The American

Inciting Event: Newman meets Madame de Cintrè. This is a love story, and as such the big moment that launches the plot is the moment that brings the romantic leads together. But this moment doesn’t force them together. They can and do walk away from each other at this point. This is just the set-up.

First Plot Point: Newman visits Madame de Cintrè’s family. This is the scene in which the two characters become inextricably involved. Newman decides he wants to court Madame de Cintrè. Now, they’re no longer just strangers passing in the night; now they’re people who actually know each other and have a stake in one another.

Just as importantly, this introduces the antagonists: her mother and brother, who will stand between Newman and his desired bride.

First Pinch Point: After Newman first proposes marriage, Madame de Cintrè makes him promise not to ask again for six months. Furthermore, her mother and brother frown upon Newman’s suit because they dislike his lack of a noble title. They later agree to his courtship, but this officially sets up the power they will hold over the relationship.

Midpoint: Newman and Madame de Cintrè get engaged. The conflict completely changes here. Up to this point, Newman was aggressively pursuing his goal to gain Madame de Cintrè’s hand, but he wasn’t in control of the conflict. Now, he has gained a definite measure of control over the antagonists, which he lacked previously.

Second Pinch Point: Madame de Cintrè’s family forces her to break the engagement and she goes away. The antagonists flex their impressive powers here–so impressively that this actually feels more like the Third Plot Point, in the sense that this is where the protagonist loses everything he cares about. But the timing (although it’s a little late to be the Pinch Point) and the lack of any other obvious contender for the Pinch Point make this the obvious answer.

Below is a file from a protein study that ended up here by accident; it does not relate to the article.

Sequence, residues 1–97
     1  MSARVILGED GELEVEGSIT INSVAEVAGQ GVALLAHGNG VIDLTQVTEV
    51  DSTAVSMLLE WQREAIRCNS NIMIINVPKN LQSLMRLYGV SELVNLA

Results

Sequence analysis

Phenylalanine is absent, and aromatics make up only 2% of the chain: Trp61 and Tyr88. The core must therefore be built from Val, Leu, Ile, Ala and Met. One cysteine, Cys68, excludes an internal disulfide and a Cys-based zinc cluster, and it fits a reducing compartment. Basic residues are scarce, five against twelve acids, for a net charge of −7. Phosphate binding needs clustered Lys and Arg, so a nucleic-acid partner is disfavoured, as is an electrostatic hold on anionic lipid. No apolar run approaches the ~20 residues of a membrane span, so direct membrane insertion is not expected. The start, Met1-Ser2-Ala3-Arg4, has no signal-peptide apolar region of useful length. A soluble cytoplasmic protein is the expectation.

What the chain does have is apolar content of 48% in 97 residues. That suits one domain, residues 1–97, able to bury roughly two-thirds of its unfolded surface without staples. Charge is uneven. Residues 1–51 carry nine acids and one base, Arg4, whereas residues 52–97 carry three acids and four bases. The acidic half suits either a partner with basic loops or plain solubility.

Third Plot Point: Madame de Cintrè’s younger brother dies after being shot in a duel, but first tells Newman to pressure his family with their dark secret. Madame de Cintrè tells Newman she’s going to become a nun. Here, we see Newman appearing to achieve a measure of success over the antagonists–only to have it dashed from him in his lowest moment yet.

Climax: Newman learns Madame de Cintrè’s mother was responsible for her father’s death. He intends to use this information to blackmail the mother and older brother into allowing Madame de Cintrè to marry him. This brings the protagonist and the antagonists into their final confrontation. From here, one or the other of them must emerge victorious.

Climactic Moment: Newman decides to give up the countess. Here, it is the antagonists who triumph, because Newman can’t stomach the means he would have to use to bring the antagonists to heel.

Resolution: Newman burns the letter that indicates the mother’s guilt. He ties off the last of the loose ends so the story can end.

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